Carlos Robles
President and Head of Aerospace
AMBE Engineering
Expert Contributor

Farnborough Airshow 2022: A Preview of the Future in Aerospace

By Carlos Robles | Mon, 08/29/2022 - 09:00

A couple of weeks ago, I had the chance to attend the 2022 Farnborough International Airshow. This was the first air show since the pandemic appeared in 2020 and it was great to meet with good colleagues, get to know new people, many companies and hold business development activities around the aerospace sector. I was happy to have the chance to meet with old friends, but also to see that companies are already beefing up business, trying to develop future programs, trying to find new suppliers, strengthening or creating business relationships, incorporating new technologies and, in many cases, assessing new operations in different locations.

Let’s face it, the pandemic was tough but the industry is already looking toward the future. As always, there are lots of takeaways from an event of such magnitude. Once there, you realize there are some new trends for the future as well as business opportunities in the traditional markets and channels, but also lots of new ideas, state-of-the-art technology and even the entry of new business models still in development.

EVTOL, Unmanned Vehicles and Drones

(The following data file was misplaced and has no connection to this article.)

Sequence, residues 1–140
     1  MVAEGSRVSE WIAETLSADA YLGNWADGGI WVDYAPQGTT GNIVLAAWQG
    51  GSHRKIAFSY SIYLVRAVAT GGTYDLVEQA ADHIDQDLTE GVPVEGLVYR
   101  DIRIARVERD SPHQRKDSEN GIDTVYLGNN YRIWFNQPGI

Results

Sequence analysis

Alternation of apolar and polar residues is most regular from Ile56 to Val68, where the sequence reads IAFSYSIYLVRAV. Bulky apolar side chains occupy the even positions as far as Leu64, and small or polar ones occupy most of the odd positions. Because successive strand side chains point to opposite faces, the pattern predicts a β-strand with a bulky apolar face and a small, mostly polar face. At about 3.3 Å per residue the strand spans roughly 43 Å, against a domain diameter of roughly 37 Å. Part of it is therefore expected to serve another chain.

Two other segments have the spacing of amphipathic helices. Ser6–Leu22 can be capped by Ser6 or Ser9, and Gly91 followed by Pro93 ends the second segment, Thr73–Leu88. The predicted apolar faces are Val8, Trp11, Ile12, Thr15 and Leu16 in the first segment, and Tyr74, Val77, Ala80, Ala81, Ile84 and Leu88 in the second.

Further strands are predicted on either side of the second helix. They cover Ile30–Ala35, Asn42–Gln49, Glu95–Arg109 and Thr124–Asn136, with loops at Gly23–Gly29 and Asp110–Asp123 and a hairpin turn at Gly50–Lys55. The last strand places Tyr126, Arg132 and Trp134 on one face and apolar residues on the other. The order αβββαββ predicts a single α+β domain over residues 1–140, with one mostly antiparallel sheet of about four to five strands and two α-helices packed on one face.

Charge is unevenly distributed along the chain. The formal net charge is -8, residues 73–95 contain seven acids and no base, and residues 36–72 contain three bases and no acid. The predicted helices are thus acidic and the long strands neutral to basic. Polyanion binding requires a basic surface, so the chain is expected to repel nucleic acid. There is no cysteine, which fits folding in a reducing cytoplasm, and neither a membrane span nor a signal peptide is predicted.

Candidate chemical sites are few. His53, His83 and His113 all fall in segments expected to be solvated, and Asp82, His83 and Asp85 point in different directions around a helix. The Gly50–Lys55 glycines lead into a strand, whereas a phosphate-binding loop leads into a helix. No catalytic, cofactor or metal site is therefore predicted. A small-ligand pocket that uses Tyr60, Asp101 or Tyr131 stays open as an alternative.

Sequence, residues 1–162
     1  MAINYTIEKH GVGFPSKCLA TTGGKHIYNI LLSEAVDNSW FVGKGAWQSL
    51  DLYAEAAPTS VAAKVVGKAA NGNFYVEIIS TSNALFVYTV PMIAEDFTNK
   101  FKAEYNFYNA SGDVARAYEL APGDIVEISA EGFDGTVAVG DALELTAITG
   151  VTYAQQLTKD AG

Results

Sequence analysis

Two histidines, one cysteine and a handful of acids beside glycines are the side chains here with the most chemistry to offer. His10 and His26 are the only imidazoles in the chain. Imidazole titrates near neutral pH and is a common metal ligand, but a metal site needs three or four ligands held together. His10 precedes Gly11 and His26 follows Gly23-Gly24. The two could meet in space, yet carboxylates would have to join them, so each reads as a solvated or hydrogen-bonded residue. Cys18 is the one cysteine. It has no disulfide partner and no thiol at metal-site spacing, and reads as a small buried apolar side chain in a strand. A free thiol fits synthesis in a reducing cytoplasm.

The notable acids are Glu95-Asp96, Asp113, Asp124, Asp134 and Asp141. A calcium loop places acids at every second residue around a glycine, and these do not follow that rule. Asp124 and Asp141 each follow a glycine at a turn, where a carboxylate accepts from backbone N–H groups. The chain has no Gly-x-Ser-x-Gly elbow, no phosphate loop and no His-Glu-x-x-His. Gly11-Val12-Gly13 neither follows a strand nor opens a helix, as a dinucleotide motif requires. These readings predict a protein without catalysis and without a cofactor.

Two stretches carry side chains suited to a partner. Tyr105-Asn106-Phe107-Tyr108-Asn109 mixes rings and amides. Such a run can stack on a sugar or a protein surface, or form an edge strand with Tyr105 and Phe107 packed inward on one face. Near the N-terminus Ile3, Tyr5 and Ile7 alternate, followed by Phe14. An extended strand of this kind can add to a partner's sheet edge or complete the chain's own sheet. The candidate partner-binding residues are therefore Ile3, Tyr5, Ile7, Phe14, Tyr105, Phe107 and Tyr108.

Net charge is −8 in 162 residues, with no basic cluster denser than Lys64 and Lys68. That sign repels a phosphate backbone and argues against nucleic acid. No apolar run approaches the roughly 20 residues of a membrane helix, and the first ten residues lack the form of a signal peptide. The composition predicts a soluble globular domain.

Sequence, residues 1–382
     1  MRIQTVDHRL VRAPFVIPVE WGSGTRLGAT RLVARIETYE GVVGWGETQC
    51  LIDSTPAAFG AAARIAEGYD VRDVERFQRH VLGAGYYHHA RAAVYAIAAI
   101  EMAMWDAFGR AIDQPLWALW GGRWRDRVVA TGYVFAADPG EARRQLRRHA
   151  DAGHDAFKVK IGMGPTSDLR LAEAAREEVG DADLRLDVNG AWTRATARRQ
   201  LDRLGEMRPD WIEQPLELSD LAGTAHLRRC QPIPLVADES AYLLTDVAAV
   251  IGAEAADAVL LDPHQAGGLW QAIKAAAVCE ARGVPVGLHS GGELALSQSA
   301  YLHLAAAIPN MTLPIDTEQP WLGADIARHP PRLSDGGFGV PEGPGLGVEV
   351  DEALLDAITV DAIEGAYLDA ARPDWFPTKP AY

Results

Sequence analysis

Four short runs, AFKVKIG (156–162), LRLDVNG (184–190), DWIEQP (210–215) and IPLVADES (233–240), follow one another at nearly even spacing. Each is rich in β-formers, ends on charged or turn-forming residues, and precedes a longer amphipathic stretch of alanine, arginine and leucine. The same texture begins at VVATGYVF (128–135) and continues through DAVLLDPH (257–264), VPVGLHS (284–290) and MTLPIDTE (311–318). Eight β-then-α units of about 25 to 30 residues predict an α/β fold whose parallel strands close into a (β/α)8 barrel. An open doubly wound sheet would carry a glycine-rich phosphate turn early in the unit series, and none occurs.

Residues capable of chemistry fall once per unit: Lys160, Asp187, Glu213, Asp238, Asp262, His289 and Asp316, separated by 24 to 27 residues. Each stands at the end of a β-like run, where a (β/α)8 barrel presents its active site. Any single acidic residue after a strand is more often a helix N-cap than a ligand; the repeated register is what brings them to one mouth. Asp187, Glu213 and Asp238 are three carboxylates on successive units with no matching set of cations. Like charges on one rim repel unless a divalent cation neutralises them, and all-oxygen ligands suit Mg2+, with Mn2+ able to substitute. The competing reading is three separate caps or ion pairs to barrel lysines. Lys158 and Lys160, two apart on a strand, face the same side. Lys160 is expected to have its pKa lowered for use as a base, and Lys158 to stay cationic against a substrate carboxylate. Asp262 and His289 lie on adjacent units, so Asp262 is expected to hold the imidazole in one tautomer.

Usually there is news about new projects being developed for the civil, commercial and defense sectors: however, this time, I was amazed by the quantity of new projects based on new EVTOL (electric vertical take-off and landing) technology. I think the most common use will be intercity transportation. Think of an Uber for the skies. The technology still needs to be tested, infrastructure for landing and take-off created and my major concern would be regulations. But the quantity of prototypes was amazing, as well as the fact that capital ranges from private to big aerospace companies, but also automotive companies like Hyundai or Volkswagen are already somehow involved. Mobility is transforming to include both land and sky solutions. Certainly, the diversity of potential for use is big but I do believe the main objective will be short-range inner and intercity fights.

Drones and unmanned airships are more common now but the range of uses is also huge. Defense and surveillance seem to be a recurrent use but I saw interesting applications for agriculture, natural disaster recovery, Earth observation, and cargo.

To be honest I find it hard to believe that all the prototypes will finally come to market but many will; these will be useful and the basis for future flight-based technology.

Sustainable and Supersonic Flights

The second thing that caught my attention was the quantity of new developments focused on increasing efficiency and sustainability. Research and development are trending toward new eco fuels and electrically powered vehicles. I think a hybrid solution is closer to reality than fully electric planes. The reason is the size and efficiency of batteries, which continue to evolve but are still far from where they need to be to become usable.

It would be unfair to not mention the supersonic development of aircraft for commercial purposes. Boom is in the lead and does not seem to have many others in close competition. They were attracting lots of attention, making big announcements involving a version for defense. I am looking forward to seeing this project entering the test phase and, of course, becoming an option for airlines.